This week’s Public School Forum newsletter highlights a study by a UNC professor with a curious headline “Study Proves Obesity Worsens from Teen to Adulthood.”
That’s a pretty big claim since most studies worth their salt are upfront about their limitations and measured when discussing the significance of their findings. The claim is all the more puzzling when the very next sentence states:
According to a study published this week in the Journal of the American Medical Association, nearly 40 percent of obese teenagers are bound to become severely obese young adults.
Last time I checked, 40 percent represented less than half of anything being discussed. That means less than half of obese teenagers are “bound” to become severely obese adults. Proof? I don’t think so.
The article continues:
Health problems are already appearing in doctors’ offices and hospitals across North Carolina, where obesity rates for both children and adults are higher than the national average, said Dr. David Collier, a pediatrician and director of the Pediatric Healthy Weight Research and Treatment Center at East Carolina University’s Brody School of Medicine. Collier believes the findings of the study should be a call to action for local, state and national leaders to redouble their efforts tackling the problem. He said that includes political decisions that affect what foods are sold cheaply, and community efforts to build parks and bike paths so people can be more active.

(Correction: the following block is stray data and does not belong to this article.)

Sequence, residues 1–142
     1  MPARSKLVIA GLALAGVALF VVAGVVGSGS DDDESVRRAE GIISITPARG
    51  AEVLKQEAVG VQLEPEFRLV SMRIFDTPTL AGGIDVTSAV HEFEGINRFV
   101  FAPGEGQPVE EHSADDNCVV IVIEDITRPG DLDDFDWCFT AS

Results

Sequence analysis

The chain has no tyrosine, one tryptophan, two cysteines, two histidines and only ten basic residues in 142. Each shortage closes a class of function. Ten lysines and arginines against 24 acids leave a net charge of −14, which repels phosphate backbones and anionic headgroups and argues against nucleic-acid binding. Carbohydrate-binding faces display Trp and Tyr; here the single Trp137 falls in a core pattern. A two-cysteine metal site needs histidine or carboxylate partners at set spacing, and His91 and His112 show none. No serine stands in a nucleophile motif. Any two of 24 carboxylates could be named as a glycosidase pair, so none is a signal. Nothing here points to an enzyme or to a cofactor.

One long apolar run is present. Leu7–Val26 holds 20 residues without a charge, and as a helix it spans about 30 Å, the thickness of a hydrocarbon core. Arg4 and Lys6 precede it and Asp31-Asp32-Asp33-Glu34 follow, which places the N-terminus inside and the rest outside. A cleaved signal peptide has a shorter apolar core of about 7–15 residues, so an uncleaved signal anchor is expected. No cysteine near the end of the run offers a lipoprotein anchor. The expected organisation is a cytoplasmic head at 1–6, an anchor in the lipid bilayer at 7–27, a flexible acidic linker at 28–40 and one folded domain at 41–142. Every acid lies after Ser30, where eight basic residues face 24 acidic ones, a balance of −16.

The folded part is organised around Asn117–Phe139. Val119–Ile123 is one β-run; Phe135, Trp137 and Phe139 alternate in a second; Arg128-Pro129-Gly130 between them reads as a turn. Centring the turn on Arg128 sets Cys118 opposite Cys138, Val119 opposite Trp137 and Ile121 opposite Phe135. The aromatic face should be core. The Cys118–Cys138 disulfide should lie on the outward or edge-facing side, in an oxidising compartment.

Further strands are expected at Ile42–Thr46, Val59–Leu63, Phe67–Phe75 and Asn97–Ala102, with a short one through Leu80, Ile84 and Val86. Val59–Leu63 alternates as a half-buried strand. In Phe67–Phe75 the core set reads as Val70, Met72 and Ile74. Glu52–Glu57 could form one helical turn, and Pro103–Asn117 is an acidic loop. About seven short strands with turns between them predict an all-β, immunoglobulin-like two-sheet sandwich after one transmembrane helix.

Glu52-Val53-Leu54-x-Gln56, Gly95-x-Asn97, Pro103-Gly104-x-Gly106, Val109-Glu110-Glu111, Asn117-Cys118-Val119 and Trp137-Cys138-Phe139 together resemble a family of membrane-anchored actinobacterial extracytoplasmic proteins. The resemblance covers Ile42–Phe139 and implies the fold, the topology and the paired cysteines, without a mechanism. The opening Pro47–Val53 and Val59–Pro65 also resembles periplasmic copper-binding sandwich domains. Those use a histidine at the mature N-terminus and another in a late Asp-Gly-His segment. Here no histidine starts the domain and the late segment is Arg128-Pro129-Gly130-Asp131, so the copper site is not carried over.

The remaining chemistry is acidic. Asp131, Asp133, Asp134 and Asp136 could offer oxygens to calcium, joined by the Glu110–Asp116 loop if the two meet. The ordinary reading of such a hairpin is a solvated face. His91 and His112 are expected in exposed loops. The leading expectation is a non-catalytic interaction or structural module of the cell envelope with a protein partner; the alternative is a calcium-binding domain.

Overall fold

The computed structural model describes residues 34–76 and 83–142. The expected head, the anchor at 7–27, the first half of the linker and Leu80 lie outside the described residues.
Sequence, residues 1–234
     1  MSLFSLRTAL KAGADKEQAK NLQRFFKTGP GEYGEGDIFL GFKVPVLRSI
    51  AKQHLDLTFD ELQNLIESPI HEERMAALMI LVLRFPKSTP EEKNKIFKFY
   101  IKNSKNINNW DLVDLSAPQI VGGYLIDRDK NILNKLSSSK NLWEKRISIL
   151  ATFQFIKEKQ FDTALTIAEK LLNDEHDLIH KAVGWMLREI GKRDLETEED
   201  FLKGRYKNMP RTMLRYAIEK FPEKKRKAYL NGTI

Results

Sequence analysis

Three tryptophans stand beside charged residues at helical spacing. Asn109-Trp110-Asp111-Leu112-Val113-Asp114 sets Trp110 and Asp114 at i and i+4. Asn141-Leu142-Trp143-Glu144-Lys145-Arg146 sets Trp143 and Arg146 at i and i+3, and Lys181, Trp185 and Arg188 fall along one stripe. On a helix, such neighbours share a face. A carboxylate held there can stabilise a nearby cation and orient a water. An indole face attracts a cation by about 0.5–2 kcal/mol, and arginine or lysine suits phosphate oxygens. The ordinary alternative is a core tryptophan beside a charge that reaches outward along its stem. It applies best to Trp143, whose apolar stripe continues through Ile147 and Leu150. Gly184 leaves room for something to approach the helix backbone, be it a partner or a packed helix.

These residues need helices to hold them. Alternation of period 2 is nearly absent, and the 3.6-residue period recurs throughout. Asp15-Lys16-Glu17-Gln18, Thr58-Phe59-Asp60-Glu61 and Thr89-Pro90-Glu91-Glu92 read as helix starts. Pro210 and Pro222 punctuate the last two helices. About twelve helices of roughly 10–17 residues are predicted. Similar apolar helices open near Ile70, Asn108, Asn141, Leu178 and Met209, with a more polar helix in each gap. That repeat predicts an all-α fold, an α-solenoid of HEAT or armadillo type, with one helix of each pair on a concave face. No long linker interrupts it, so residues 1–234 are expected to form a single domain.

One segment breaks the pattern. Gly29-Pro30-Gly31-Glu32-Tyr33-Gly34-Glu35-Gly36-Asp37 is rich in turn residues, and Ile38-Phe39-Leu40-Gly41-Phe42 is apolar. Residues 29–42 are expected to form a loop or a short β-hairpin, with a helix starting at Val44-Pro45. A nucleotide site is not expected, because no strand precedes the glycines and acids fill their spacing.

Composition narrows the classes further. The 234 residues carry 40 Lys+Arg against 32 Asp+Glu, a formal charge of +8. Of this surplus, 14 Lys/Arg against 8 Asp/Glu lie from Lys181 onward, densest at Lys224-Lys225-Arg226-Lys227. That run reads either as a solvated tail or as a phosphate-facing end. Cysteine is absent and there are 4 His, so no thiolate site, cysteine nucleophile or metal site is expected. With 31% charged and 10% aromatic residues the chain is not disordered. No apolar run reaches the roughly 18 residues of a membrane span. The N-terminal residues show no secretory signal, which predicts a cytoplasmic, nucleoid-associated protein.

I bet you didn’t know it’s those cheap foods and lack of parks and bike paths that are at the root of the obesity problem?
Instead of assuming society is the culprit, how about individuals do the sensible thing: learn to eat in moderation and practice saying that little two letter word: no. Easy? No. But it’s the best and most economical solution — and you don’t need politicians and community activists to be successful.